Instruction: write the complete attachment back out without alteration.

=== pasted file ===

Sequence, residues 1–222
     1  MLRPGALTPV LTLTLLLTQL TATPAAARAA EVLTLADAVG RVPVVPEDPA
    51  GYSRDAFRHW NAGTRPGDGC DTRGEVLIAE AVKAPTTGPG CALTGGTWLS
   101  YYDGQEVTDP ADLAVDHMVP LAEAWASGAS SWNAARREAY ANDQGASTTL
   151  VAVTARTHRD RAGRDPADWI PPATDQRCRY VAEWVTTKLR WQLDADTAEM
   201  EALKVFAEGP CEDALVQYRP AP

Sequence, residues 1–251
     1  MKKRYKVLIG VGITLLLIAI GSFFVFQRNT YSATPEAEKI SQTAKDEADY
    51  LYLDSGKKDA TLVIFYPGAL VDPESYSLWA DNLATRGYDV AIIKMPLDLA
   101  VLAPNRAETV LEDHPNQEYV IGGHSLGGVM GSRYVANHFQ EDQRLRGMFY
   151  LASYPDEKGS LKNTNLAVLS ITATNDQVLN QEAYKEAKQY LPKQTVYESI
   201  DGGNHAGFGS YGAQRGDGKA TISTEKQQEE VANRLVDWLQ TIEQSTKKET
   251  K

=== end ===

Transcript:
Sequence, residues 1–222
     1  MLRPGALTPV LTLTLLLTQL TATPAAARAA EVLTLADAVG RVPVVPEDPA
    51  GYSRDAFRHW NAGTRPGDGC DTRGEVLIAE AVKAPTTGPG CALTGGTWLS
   101  YYDGQEVTDP ADLAVDHMVP LAEAWASGAS SWNAARREAY ANDQGASTTL
   151  VAVTARTHRD RAGRDPADWI PPATDQRCRY VAEWVTTKLR WQLDADTAEM
   201  EALKVFAEGP CEDALVQYRP AP

Sequence, residues 1–251
     1  MKKRYKVLIG VGITLLLIAI GSFFVFQRNT YSATPEAEKI SQTAKDEADY
    51  LYLDSGKKDA TLVIFYPGAL VDPESYSLWA DNLATRGYDV AIIKMPLDLA
   101  VLAPNRAETV LEDHPNQEYV IGGHSLGGVM GSRYVANHFQ EDQRLRGMFY
   151  LASYPDEKGS LKNTNLAVLS ITATNDQVLN QEAYKEAKQY LPKQTVYESI
   201  DGGNHAGFGS YGAQRGDGKA TISTEKQQEE VANRLVDWLQ TIEQSTKKET
   251  K